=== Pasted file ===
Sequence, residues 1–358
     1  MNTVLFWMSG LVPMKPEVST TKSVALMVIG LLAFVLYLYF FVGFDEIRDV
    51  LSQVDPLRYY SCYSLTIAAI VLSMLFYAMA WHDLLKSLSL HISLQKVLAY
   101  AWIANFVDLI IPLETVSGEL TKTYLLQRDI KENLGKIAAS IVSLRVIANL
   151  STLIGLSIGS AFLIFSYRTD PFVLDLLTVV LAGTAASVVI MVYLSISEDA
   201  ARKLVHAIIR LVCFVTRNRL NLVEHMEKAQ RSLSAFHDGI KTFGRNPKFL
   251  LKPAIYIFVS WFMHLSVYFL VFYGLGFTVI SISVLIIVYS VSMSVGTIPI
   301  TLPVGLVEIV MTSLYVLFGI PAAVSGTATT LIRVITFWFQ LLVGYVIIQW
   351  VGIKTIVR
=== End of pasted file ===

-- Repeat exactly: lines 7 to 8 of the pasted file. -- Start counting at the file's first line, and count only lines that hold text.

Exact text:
   251  LKPAIYIFVS WFMHLSVYFL VFYGLGFTVI SISVLIIVYS VSMSVGTIPI
   301  TLPVGLVEIV MTSLYVLFGI PAAVSGTATT LIRVITFWFQ LLVGYVIIQW